Iran's largest navy ship catches fire, sinks in Gulf of Oman

  • Iran's largest navy ship catches fire, sinks in Gulf of Oman

Iran's largest navy ship catches fire, sinks in Gulf of Oman

Footage aired by state television showed a massive column of smoke rising from what it said was the burning vessel.

Iran's army also identified the Kharg as a "training ship" and confirmed there were nearly 400 crew and trainees on board, before adding all of them were safely evacuated.

Kharg had been on a "training, intelligence and combat mission" in global waters along with Alborz, an Alvand-class frigate, according to a statement from the naval force of the regular Iranian army May 9.

Iran's largest navy ship the Kharg sank on Wednesday after catching fire in the Gulf of Oman, but the crew were safely rescued, Iranian media reported.

The fire broke out in "one of the systems" of the ship, a navy statement said without elaborating.

Efforts by firefighters to put out the blaze proved to be futile.

No reason for the fire was given, but the crew was reported safe.

The Iranian navy's replenishment vessel IS Kharg passes through the Suez canal at Ismailia, Egypt, in 2011.

It was not delivered until 1984 after years of wrangling between Britain and the government that took power after the Islamic revolution of 1979.

Later that year a wooden replica US aircraft carrier attacked by Iran as part of a propaganda exercise capsized in the Strait of Hormuz, blocking a key shipping channel in the process. The Kharg - sometimes spelled "Khark" - was one of Navy's few ships capable of replenishing other ships at sea. In recent months, however, the navy launched a slightly larger commercial tanker called the Makran it converted into serving a similar function as the Kharg.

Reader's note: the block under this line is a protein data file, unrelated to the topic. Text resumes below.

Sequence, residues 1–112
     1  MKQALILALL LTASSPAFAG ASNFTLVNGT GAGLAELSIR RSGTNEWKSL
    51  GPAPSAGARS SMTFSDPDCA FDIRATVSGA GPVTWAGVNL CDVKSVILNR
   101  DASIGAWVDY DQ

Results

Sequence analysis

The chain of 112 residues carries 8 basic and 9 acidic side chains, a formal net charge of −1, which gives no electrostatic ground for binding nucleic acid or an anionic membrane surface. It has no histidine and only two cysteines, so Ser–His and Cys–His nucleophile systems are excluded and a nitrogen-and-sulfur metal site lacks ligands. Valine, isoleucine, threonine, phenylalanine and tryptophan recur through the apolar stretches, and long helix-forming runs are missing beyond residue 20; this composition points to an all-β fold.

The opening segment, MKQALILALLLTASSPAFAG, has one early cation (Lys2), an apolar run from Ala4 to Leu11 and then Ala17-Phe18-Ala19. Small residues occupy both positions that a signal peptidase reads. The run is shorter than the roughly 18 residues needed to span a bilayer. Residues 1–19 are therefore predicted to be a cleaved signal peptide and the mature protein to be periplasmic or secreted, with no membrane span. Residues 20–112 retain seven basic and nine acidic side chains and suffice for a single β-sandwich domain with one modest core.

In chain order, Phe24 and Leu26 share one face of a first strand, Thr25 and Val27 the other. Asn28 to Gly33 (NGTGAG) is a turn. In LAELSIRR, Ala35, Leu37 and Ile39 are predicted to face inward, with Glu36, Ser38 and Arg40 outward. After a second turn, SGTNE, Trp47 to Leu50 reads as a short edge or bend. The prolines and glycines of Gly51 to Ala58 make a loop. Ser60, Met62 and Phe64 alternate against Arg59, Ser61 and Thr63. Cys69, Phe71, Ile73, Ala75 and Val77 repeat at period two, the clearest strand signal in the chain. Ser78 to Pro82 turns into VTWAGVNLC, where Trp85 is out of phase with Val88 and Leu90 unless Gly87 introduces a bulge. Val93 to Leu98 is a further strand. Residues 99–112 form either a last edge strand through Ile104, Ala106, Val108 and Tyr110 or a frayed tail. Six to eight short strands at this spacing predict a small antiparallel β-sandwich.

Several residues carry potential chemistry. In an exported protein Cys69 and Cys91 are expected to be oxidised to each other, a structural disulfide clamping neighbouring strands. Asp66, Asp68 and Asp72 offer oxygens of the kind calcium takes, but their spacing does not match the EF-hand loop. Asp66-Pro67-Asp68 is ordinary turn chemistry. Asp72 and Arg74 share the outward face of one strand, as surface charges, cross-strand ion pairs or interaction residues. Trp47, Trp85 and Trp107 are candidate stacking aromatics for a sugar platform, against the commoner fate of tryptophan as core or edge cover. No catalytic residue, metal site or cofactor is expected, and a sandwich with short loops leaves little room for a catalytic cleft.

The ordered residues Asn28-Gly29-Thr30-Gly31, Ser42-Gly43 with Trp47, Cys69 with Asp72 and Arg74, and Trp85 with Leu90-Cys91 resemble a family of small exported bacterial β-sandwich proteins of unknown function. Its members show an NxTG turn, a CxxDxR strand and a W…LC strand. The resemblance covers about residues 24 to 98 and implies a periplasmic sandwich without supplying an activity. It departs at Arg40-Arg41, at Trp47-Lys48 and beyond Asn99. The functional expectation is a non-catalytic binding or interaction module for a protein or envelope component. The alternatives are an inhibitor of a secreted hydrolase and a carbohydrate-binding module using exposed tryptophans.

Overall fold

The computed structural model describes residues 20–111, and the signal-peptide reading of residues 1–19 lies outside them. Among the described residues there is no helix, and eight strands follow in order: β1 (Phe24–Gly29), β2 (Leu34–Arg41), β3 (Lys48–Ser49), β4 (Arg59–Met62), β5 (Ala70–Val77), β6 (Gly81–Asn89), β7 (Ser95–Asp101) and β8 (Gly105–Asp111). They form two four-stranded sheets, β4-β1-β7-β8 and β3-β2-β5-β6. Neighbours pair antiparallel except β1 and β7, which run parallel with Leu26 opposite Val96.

Iran's ISNA news agency said its mission had focused on "training, intelligence and combat" alongside the destroyer Alborz.

The vessel sank close to the port of Jask in the south of the country, near the Strait of Hormuz, a strategic waterway.

It is all a far cry from the confident attitude Iran was showing previously, as Breitbart News reported. Last year, a missile mistakenly struck a naval vessel also near the port of Jask during a training exercise.

While Israel made no official accusation at the time, unsourced reports from the Israeli media outlets Haaretz and Channel 13 at the time claimed Iran knew that the vessel was owned by an Israeli businessman.

Saviz, a ship operated by Iran's Revolutionary Guards, was attacked, possibly by a limpet mine, in the Red Sea on April 6 off the coast of Eritrea.